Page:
Have you ever felt unsure about something and wanted to learn more about it, but in doing so was worried that you were supporting it at the same time?
I have one word for you: bullfighting.
When I was 13, my mom, sister, and I traveled to Spain on a two-week tour. One optional excursion was attending a bullfight. Too much of a wimp, I declined. It sounded scary. And bloody.
I was recently in Madrid and contemplated visiting the city’s famous bullfighting ring—Las Ventas. There was no event—I was just considering a tour of the ring itself. I didn’t know a lot about bullfighting, wasn’t sure how I felt about it, and decided a visit might help me learn more. But I wavered. Would going on a tour show support for the sport? In the end, I decided to go, hoping that it would help me understand bullfighting and the culture surrounding it and crystallize my opinion.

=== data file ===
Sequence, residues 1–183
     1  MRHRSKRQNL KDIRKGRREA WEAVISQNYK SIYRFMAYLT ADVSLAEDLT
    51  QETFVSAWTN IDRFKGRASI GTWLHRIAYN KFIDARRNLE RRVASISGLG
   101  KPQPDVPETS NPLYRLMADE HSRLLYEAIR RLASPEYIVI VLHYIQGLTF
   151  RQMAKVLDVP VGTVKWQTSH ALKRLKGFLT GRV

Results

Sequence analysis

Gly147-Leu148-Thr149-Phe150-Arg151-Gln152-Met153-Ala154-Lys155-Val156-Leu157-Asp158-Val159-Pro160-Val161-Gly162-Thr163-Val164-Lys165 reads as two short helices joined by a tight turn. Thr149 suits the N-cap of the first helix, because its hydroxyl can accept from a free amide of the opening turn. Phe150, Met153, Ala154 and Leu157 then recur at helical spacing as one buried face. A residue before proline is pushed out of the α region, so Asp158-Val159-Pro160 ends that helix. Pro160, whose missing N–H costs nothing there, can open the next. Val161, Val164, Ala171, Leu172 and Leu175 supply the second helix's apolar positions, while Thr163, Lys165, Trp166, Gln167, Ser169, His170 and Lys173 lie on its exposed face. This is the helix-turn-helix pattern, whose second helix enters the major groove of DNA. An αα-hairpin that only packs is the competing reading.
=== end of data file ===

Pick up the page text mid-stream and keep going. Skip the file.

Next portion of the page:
The individual tour is well organized. I selected an English audioguide from eight different languages and explored the grand facility at my own pace. The day I went, an un-related special event occupied a huge tent in the ring. While I wasn’t able to step into the ring itself, it didn’t detract from the view and the overall experience.
Then I entered the corrals and pens. Although completely empty, I smelled the bulls and saw faint stains on the walls. The stench brought a dose of reality to the otherwise romanticized tour.
Oddly, I was glad to learn that the meat of the bull is eaten. I don’t understand how the bull’s death is “heroic,” but I eat meat, so I understand that animals are killed for food.
Of course, how they’re killed can make a difference. To me, therein lies the difference. The big difference.
You decide for yourself. My opinion has crystallized. You can dress it up however you want—sport, ritual, cultural phenomenon—the bottom line is that bullfighting’s entire goal is to kill bulls in an uneven, unfair, and tortuous spectacle. As you may have gathered, I’m not a fan.